The Center for Documentary Studies offers Continuing Education classes year-round—in photography, video, audio, narrative writing, and other creative media. Registration is now open for Spring 2017 classes and workshops with a host of established, new, and online classes on offer, including a few hybrid on-site/online classes.
A complete listing of all Spring 2017 courses as well as registration information can be found here.
Classes set to begin in early January include Writing, Funding, and Legalese as well as The South in Black and White, among others. A number of new classes will be debuted this term, including Intro Seminar: Traditions, which examines traditions of documentary work through an interdisciplinary lens, and Podcasting for the People, a new class that will help students to conceptualize, create, and develop their own podcast.
Opening December 5, Center for Documentary Studies will host an exhibition of photographs from Post Mégantic, Michel Huneault’s 2015 Lange-Taylor prizewinning project on a small town in Quebec that was the site of Canada’s deadliest train disaster in 150 years. His project of remembrance garnered Huneault CDS’s prestigious Lange-Taylor Prize in 2015; the $10,000 annual award supports documentary artists involved in ongoing fieldwork projects that rely on both words and images. Click here for more information on the exhibition.
A meditation on loss and mourning, Post Mégantic incorporates photographs, videos, oral histories, and installations to tell the story of Lac-Mégantic, Quebec, where on the night of July 6, 2013, a cargo train from North Dakota carrying nearly 8 million liters of shale oil derailed and exploded, killing 47 people and effectively destroying the town. From a population of 6,000, one out of every 128 citizens died. The explosion leveled most of the town center, creating a 400-meter-wide area that is still inaccessible.
Huneault describes Post Mégantic as a “requiem to the victims,” a documentary narrative about life, death, the fragility of existence that he hopes will evoke for viewers of the work a “visceral sense of empathy, an appreciation based on introspection, imagination, and compassion.” His collaboration with the people and town of Lac-Mégantic will continue, as he returns “hopefully to find more light and healing.”
More information on Michel Huneault and Post Mégantic, including a slideshow and short video
Along with other North Carolina podcasters, CDS audio director John Biewen will take the stage in Durham on December 1 for an evening of live performance, storytelling, and advice-giving. Biewen will represent Scene On Radio, the podcast from CDS that he created and hosts; Phoebe Judge and Lauren Spohrer of Criminal, Anita Rao and Sandra Davidson of She & Her, and Steven Petrow of The Civilist will also take the stage to share their stories of documenting the untold, unexpected, inane, and profound, and to engage the audience in a dynamic conversation about podcasting and audio storytelling. *For those unable to attend the event, watch a live stream of the full event on the Center for Documentary Studies Facebook page beginning at 7 p.m.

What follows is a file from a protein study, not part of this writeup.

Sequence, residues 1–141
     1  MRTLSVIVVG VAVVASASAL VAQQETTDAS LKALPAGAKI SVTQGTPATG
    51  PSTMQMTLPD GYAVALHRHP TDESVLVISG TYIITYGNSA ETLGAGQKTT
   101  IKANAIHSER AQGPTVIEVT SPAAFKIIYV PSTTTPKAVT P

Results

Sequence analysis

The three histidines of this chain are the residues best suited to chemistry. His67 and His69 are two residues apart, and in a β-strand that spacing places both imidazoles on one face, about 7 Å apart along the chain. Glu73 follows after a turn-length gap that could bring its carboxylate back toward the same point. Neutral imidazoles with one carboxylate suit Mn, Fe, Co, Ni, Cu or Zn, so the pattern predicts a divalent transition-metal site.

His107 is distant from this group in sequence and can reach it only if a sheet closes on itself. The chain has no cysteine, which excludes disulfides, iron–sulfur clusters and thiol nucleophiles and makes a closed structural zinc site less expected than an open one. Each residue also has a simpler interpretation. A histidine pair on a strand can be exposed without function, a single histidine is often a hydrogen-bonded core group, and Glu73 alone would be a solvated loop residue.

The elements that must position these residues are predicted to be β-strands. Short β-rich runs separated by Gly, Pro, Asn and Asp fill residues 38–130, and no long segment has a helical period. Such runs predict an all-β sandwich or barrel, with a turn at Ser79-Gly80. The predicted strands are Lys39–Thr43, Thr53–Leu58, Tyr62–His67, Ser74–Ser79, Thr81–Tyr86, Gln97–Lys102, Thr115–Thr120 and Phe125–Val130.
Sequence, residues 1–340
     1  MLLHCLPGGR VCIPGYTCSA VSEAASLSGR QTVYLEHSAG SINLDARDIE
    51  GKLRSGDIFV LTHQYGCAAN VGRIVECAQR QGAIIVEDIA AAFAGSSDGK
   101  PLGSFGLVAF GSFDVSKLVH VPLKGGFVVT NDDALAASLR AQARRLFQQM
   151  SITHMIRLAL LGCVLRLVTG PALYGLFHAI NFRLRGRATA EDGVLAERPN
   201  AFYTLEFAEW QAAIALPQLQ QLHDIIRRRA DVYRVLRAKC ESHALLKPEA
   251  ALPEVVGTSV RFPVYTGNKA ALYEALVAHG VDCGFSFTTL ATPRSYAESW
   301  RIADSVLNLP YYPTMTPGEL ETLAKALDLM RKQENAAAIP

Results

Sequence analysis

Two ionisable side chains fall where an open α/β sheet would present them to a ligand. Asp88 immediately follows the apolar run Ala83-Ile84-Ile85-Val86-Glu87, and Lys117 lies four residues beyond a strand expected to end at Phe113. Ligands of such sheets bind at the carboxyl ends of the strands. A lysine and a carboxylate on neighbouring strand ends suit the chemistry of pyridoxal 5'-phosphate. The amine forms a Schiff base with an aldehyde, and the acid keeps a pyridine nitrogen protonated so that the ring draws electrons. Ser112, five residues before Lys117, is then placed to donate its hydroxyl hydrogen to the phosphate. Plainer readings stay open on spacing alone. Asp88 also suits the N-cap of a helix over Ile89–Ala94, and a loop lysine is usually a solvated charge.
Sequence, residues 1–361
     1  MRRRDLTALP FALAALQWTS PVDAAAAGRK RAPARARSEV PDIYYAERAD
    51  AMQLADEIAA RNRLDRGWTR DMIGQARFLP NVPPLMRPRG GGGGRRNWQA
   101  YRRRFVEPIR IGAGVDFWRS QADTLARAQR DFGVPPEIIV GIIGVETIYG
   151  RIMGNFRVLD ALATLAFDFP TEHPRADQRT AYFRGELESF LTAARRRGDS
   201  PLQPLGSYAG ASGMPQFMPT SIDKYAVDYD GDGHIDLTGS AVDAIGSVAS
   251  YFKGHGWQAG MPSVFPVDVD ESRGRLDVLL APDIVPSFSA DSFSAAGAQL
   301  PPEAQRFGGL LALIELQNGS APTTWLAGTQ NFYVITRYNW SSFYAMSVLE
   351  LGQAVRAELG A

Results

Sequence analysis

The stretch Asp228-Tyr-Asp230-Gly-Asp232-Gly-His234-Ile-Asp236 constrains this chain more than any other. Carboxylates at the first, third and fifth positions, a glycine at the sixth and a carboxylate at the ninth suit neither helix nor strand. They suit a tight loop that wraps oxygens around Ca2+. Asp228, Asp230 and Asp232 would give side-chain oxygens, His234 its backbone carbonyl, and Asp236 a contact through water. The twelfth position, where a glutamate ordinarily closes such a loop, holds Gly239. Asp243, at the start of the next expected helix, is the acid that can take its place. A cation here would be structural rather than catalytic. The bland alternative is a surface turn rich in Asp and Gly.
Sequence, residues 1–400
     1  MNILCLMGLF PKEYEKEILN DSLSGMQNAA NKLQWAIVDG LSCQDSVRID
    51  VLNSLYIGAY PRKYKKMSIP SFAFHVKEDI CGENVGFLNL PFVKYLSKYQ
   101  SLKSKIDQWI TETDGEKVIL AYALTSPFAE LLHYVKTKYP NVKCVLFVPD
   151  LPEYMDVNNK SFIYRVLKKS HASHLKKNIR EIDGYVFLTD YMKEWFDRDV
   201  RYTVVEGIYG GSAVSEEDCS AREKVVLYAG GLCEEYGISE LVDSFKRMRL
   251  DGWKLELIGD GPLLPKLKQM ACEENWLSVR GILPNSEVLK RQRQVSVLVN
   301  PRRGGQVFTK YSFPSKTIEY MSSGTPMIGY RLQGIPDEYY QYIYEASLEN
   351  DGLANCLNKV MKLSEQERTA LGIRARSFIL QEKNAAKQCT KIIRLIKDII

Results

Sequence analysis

Are You Listening? Four Triangle Podcasters Take The Stage
Thursday, December 1, 7 p.m.
Motorco Music Hall, Seated Show
723 Rigsbee Avenue, Durham, North Carolina
Free Tickets** | Directions | Parking | Live Stream*
*Please note that while tickets to this event are free, attendees are encouraged to RESERVE A TICKET in advance. Attendees with reserved tickets must show up 30 minutes in advance of the show to secure reserved seating. At 6:30 p.m., any unclaimed seats will be made available to the general public.
CDS recommends Transgender USA, an exhibition featuring the photographs of Mariette Pathy Allen on view at the Power Plant Gallery through December 22. Allen has been photographing the transgender community for over thirty years, and has been a pioneering force in gender consciousness and gender variance. Her photographs and personal papers are being collected by the Archive of Documentary Arts and the Sallie Bingham Center for Women’s History and Culture at Duke University’s David M. Rubenstein Rare Book & Manuscript Library.
Allen’s first book, Transformations: Crossdressers and Those Who Love Them, was groundbreaking in its investigation of a misunderstood community. Her second book, The Gender Frontier, is a collection of photographs, interviews, and essays covering political activism, youth, and the range of people that identify as transgender in mainland America. It won the 2004 Lambda Literary Award in the Transgender/Genderqueer category. Her latest book, TransCuba, is available via Daylight.
The CDS Documentary Essay Prize honors the best in documentary photography and writing in alternating years: one year, photos; one year, writing. The focus is on current or recently completed work (within the last two years) from a long-term project—fifteen images; fifteen to twenty pages of writing.
The upcoming prize competition will be for writing. The winner of the competition receives $3,000 and feature stories in Center for Documentary Studies’ print and digital publications. The winner’s work is also placed in the Archive of Documentary Arts at the Rubenstein Library, Duke University.
The 2016 prize, for photography, was given to Jessica Eve Rattner for “House of Charm,” a ten-year portrait of Lee, Rattner’s eighty-year-old neighbor in Berkeley, California. The essay explores, with delicacy and respect, Lee’s story of aging alone and questions cultural ideas around beauty, happiness, and mental health.